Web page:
The inventory, taken 12 April 1675 by Thomas Lathrop and John Hill, amounted to £1110s., and included no real estate [EPR 3:9; EQC 6:50].

Birth: About 1591 (at Salem Quarterly Court for 9 September1645, the court exempted from training "John Black being poor & aged 54" [EQC 1:84]; note that this would make Black 38 years old in 1629, when we first see him with a family).

Death: 16 March 1674/5 [EPR 3:9; EQC 6:50, from inventory].

Marriage: By 1629; about July 1646 the "wife of John Blak" gave evidence in court against the wife of Thomas Oliver of Salem [EQC 1:99].

Children:

i. Child, died aboard Talbot 24 June 1629 [Higginson 76].

ii. Elizabeth, born about 1631; married
(1) about1655 Humphrey Gilbert; married
(2) Ipswich 24 September 1658 William Raynor; married
(3) by 1675 Henry Kimball; married
(4) by 1679 Daniel Kilham;
Elizabeth was alive in 1686, and died before 29 March 1693 [TAG 17:135-36].

iii. Persis, born about 1633; married Salem 29 November 1655 Robert Follett.

iv. Lydia, baptized Salem 25 December 1636 [SChR 16]; died soon, probably before 25 December 1637.

v. Lydia, baptized Salem 3 June 1638 [SChR 16]; married Beverly 28 September 1659 Isaac Davis [GDMNH 183-84].

vi. Daughter, baptized Salem 27 November 1640 [SChR18]; died without issue before 20 July 1675.

vii. John, born about 1642 (deposed 15 September 1673 "aged about thirty-one years" [EQC 5:216]); m.
(1) Salem 29 July 1664 Freeborne Sallowes (widow of Robert Sallowes and daughter of Peter Woolfe), who d. Beverly 30 January 1681 aged about 46 ; m.
(2) by 1686 Deborah _____ (Elizabeth, daughter of John and Deborah Black, b. Beverly 31 May 1686); poss. m. (3) Beverly (int.) 18 August 1700 Mary Morgan.

Any man entering a colony or becoming a a member the church, was not free. He was not forced to work, but his movements were carefully observed to see if they followed the Puritanical ideal. After this probationary period, he became a "freeman." Men then took the Oath of a Freeman where they vowed to defend the Commonwealth and not to overthrow the government.

American colonists continued to use British monetary units, namely the pound, shilling and pence for which £1 (or li) equalled 20s and 1s equalled 12d. In 1792 the dollar was established as the basic unit of currency.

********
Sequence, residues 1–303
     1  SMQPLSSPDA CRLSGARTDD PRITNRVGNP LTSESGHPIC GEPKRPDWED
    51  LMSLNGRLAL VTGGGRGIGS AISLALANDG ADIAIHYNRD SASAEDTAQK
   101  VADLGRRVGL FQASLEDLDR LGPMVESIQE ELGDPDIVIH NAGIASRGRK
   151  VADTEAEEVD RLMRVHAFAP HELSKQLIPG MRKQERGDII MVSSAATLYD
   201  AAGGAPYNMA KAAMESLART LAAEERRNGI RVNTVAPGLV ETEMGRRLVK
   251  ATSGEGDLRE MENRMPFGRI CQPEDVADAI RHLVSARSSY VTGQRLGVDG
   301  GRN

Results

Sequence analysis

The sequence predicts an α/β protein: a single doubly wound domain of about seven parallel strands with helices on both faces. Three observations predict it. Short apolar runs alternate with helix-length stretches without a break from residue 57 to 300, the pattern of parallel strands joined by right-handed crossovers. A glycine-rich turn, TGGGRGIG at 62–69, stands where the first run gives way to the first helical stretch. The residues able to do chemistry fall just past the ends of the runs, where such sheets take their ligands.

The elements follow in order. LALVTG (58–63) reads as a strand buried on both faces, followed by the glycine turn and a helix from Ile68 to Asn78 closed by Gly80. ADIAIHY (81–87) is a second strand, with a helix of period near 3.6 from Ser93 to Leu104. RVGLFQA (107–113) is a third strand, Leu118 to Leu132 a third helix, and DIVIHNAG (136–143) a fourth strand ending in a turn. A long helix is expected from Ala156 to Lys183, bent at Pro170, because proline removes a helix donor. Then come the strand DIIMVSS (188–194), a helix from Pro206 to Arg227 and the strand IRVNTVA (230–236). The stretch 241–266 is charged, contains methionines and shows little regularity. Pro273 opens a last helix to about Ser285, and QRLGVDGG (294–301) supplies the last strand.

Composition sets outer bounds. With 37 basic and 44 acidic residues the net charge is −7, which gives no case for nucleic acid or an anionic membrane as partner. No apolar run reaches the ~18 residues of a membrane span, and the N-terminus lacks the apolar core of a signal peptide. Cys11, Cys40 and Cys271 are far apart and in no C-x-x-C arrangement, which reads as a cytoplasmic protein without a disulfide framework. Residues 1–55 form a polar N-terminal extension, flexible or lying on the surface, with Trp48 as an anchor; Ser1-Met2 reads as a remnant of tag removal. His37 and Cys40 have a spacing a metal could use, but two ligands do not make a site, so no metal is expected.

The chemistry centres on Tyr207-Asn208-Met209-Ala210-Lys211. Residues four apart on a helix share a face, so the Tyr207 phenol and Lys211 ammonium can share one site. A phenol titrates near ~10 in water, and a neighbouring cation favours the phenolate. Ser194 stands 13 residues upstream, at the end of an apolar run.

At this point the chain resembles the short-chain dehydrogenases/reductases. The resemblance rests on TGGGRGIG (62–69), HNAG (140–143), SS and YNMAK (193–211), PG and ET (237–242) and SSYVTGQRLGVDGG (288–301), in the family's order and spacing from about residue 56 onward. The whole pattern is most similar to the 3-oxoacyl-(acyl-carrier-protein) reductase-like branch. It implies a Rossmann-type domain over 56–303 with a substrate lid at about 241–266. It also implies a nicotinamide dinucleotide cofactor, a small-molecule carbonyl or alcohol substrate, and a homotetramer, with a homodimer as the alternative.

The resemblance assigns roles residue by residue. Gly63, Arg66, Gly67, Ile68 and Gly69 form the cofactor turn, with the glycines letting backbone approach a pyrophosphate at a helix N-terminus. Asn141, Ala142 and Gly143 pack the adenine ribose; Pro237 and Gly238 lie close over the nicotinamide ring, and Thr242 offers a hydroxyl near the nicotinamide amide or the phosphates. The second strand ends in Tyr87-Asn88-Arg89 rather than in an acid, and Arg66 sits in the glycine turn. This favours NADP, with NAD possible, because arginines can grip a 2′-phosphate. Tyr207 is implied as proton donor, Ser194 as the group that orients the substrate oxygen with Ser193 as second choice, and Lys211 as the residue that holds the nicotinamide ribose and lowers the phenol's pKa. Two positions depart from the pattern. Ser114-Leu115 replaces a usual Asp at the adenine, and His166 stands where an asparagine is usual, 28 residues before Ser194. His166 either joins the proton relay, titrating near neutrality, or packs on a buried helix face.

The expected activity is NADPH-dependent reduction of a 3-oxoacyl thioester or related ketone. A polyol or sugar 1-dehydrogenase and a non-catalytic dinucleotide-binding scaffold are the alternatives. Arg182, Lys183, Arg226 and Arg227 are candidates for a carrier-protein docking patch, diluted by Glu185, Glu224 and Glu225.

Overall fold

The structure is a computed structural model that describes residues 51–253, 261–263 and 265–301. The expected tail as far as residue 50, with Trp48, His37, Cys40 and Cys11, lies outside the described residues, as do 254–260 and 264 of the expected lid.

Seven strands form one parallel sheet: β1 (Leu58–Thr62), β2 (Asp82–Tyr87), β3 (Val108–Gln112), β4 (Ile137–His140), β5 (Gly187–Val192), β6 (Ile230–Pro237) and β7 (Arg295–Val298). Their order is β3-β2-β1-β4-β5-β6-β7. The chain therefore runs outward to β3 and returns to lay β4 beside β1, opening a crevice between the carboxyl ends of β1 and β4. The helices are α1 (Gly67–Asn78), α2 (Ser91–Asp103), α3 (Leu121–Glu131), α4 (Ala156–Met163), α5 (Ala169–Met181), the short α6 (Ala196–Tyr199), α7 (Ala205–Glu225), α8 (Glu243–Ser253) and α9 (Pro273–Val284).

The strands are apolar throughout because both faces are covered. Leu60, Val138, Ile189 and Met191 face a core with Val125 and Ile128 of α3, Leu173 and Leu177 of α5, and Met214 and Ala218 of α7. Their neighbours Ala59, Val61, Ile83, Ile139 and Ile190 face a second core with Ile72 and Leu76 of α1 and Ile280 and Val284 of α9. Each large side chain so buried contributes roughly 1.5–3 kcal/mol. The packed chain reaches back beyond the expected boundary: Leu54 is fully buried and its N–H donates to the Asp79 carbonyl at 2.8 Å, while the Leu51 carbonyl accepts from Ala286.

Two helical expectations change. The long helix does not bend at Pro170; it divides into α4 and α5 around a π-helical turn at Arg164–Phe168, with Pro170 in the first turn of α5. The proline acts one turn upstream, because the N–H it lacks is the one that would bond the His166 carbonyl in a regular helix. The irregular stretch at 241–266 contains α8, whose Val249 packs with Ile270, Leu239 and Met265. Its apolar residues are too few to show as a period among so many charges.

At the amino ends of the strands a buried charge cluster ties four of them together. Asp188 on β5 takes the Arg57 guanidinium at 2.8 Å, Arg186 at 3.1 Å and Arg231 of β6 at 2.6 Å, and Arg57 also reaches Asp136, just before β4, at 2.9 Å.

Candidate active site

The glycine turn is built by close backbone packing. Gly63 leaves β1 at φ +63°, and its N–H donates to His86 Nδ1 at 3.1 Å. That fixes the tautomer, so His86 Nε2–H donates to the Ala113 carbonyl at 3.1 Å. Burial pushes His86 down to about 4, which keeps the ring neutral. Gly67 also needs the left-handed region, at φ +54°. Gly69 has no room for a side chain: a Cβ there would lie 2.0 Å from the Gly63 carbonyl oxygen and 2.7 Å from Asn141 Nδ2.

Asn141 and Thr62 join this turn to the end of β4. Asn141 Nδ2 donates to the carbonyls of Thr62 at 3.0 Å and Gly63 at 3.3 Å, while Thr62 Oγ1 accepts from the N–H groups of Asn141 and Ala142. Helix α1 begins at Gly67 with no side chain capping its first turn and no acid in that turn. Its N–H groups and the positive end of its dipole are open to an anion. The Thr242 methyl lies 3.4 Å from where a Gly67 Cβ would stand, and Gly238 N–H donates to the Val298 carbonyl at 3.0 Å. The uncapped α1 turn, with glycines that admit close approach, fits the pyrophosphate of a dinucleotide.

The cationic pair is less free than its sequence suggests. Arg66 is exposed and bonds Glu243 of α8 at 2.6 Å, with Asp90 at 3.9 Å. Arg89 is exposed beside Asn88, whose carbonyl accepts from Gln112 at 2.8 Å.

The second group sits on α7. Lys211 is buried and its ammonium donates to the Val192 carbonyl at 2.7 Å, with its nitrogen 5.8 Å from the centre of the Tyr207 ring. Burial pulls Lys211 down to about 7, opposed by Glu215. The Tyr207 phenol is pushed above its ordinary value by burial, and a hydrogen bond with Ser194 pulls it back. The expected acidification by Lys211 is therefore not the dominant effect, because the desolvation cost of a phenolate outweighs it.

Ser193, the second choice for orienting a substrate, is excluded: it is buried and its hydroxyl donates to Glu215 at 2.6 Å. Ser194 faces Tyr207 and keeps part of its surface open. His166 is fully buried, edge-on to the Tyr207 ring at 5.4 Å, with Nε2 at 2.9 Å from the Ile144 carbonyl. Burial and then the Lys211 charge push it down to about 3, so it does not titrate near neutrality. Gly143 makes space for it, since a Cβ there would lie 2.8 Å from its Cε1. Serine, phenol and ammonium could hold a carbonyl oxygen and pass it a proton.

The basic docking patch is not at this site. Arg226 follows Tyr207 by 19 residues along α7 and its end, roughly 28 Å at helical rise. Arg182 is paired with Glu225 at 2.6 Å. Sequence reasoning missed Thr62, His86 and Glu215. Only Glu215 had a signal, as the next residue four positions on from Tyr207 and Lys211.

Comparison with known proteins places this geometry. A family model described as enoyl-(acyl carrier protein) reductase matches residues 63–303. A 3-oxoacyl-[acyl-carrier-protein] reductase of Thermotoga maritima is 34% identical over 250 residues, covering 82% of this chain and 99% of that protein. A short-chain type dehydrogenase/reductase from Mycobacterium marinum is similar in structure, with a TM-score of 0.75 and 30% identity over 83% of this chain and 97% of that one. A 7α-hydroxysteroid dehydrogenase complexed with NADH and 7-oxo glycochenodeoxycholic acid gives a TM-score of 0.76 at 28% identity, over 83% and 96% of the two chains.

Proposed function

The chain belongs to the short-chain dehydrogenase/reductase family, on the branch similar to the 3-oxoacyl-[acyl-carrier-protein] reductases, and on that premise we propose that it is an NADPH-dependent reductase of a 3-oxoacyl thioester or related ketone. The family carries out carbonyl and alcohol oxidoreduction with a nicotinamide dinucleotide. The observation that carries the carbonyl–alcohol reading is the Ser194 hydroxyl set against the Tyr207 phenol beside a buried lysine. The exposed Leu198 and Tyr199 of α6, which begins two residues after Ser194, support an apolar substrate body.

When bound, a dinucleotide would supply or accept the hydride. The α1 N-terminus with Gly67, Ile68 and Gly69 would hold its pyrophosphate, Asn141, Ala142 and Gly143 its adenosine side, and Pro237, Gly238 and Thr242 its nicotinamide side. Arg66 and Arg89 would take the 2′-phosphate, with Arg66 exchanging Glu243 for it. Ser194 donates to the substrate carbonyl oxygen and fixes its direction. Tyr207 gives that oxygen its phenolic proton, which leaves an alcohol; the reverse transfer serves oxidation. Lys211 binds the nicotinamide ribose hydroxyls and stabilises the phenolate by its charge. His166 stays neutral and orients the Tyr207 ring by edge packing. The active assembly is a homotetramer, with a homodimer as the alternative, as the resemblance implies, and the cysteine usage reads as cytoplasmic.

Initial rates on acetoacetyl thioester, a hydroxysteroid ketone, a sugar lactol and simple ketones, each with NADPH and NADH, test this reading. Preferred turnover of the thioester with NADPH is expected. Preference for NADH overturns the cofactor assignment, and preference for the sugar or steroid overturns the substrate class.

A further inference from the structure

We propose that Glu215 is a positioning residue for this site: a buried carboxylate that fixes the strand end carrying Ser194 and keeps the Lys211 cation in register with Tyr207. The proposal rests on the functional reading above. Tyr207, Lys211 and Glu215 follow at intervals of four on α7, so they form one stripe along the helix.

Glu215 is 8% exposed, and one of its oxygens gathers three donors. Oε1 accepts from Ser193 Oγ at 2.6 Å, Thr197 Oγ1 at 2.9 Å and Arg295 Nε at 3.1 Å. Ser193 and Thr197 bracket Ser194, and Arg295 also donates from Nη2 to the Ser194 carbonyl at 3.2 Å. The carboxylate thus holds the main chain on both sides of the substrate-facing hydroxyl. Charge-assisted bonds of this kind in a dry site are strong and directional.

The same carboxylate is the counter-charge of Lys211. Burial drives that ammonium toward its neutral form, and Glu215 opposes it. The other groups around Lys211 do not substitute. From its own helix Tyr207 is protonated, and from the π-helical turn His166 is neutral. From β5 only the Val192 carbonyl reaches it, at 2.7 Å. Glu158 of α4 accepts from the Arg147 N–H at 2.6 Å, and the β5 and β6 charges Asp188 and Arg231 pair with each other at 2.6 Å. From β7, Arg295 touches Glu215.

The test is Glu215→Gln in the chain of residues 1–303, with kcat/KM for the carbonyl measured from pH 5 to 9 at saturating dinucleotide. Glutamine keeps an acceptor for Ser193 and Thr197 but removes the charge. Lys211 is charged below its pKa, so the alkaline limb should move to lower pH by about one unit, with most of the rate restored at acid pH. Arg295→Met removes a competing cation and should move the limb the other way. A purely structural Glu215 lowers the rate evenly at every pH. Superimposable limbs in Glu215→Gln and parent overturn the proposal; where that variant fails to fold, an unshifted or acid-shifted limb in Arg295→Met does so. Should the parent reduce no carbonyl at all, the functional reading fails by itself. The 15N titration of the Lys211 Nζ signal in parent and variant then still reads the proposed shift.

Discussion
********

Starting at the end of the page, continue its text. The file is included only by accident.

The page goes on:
Women played an essential role in American society as mothers and homemakers.
 
 
 

from Genealogical and Personal Memoirs, Volume 1 edited by William Richard Cutter

. . .Humphrey Gilbert, born in England, 1616; commoner in Ipswich. Massachusetts, 1648; bought lands 1650; died 1657, leaving second wife Elizabeth, only son John, and four daughters—Martha, Hannah, Mary and Abigail.

John Gilbert, only son of Humphrey Gilbert, lived in Ipswich hamlet, near the Wenham line, and was a member of the church in Wenham until the organization of the church in Ipswich hamlet, when he was one of its first deacons.

By his wife Elizabeth he had twelve children; the eldest, John Gilbert, born July 14, 1678, married, 1799, Martha Dodge, of Beverly, removed to Kettle Cove, and was the progenitor of the Gilberts of Cape Ann.

He sold his lands in Wenham in 1703, and went to Gloucester to live in 1704.

By his wife Martha he had sons, John, William and Jonathan, and three daughters. His son Jonathan married Abigail Newbury. . .

 
 
 
 

from The Driver Family

[Henry Kimball]. . .married, second, Elizabeth, widow of William Raynor (son of Thurston Raynor), who previously had been the second wife of Humphrey Gilbert, of Ipswich Hamlet, and probably the mother of his only son, John Gilbert.

Mr. Humphrey Gilbert died Feb. 13, 1657-8, and his widow, Elizabeth aforesaid, married, Sept. 24,1658, Wm Rayner, Reiner, Rainer, or Rayuor, who died Oct. 26, 1672.

She married fourth, Daniel Kilham, Sr., of Ipswich, Mass., with whom she unites with a deed, Dec. 25, 1679, conveying to John Lambson the

"privilege and commonage belonging to ye house yt formerly was sd Gilberts' and Raynors,"

"the said house standing in Ipswich bounds on North side of Boston Road as it enters into Wenham from Ipswich."

"Acknowledged by Elizabeth Kilham, June 19, 1684.
Samuel Adams and Isaac Comins witnesses."
New Eug. Gen. and Hist. Register, Vol. XXIX. p. 109, by H. F. Waters.